In our series of cognitive distortions, sublimation is one type of distortion that at first appearance does not seem like a negative ‘distortion’. Sublimation is, in essence, turning something that is perceived as a weakness or inappropriate to the society/culture, into something that is good and acceptable. It is adaptable as somewhat of a strength, because it turns a negative emotion into a positive behavioral response. However, as described, it stems from something that might be harmful at worse, and at best, challenging for the person experiencing the raw negative emotion in its pure form.

An example of sublimation might look like someone who struggles with loss of control to be a really hands on and productive manager, or someone that has aggressive urges to become a football lineman, releasing the aggression in a culturally-appropriate setting such as a football game (and probably playing the game well). A personal favorite that I have of sublimation is channeling an uncomfortable emotion into something humorous. Neither of any examples are necessarily ‘bad’ in fact, in all situations and forms of sublimation, it probably makes the person quite good at what they are invested in, liked for what they are doing, and might diffuse the immediate pressure of the emotion.

However, living in cycles of sublimation might not truly feel as rewarding as it sounds. While there are undoubtedly positive aspects and rewards in this defense mechanism, it is believed that sublimation patterns are repeating cycles of negative emotions experiences, or dysregulated states, which is why it is coined as a distortion and defense mechanism. This is where it can get challenging, because it is incredibly reinforcing to use sublimation! There are many benefits of this—such as the successful football player or high-achieving boss, and really, it is rewarding being able to find an accepted way of channeling these negative emotions. The reality often is though, that operating from our defense mechanisms, even in sublimation, can leave us feeling ungrounded and unresolved. We are operating out of discomfort from what is happening inside of us. Although the temporary relief of letting it out can be rewarding, it is a defense mechanism protecting us from experiencing and working through the hurt or pain that it is keeping us from feeling.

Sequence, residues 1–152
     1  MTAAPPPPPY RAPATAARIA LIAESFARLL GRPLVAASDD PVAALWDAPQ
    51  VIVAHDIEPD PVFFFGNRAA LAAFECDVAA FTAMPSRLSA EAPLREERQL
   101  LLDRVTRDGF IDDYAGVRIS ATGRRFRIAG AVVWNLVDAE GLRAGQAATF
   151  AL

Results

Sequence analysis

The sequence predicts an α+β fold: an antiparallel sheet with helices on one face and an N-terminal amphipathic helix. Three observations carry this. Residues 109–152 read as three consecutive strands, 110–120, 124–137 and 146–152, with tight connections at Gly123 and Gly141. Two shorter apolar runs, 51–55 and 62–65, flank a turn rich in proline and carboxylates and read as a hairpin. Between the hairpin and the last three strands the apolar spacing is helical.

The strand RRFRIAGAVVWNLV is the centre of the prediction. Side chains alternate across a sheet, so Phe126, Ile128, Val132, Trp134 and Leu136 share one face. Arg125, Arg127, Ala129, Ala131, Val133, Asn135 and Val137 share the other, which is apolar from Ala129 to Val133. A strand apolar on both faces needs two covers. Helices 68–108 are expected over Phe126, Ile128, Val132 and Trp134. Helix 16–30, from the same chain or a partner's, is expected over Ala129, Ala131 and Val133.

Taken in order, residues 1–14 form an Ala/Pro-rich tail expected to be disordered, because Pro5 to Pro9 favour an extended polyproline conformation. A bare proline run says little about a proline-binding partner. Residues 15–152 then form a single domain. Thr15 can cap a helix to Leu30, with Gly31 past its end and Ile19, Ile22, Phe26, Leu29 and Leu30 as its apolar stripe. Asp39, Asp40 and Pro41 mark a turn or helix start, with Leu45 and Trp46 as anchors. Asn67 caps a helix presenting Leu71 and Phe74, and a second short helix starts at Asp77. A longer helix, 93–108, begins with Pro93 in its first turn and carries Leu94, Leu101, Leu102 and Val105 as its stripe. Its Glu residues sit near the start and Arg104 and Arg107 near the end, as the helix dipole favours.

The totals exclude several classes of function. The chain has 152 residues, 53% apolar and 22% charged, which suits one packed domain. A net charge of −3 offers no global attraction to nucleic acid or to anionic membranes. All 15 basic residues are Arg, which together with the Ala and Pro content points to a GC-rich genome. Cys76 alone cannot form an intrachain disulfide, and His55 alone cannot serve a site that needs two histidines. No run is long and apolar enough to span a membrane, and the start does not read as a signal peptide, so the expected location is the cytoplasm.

In accessing and healing what is beyond our defense mechanisms of sublimation, I believe a person first needs to feel safe enough to go there. This can be established in trust and safety of a therapeutic relationship, a comforting and attentive parent, or trusted friend—safety might even look like being in a place in life where your cup is not too full to let out this pain and feel it pass through. Allowing ourselves the ability to be self-aware of what we are protecting ourselves from, the hurtful beliefs we are carrying and the emotional and physical ways our body holds onto it, are all important areas to allow ourselves the space to mindfully tap into. You aren’t crazy for using sublimation, it makes sense that our bodies are wanting to protect us from things that feel too difficult, but sometimes it begins to be its own source 0f pain and discomfort in our lives—and that’s often the light at the end of the tunnel, when we are ready to change.


Want to learn more? Check out the first blog of the series here.

If you’re interested in starting your own work to heal and grow, we would love to support you. Reach out for a free consultation.


**The information contained herein is not therapeutic advice nor a substitute for therapy. It should not be used to diagnose or treat any mental health problem. If you are located within the United States and you need emergency assistance please call 911 or go to your nearest emergency room. If you are located within Colorado you may also call the Colorado Crisis Line at 844-493-TALK (8255).



Natasha. Mantra Care. “Sublimation: A Meaningful Change.” Retrieved from

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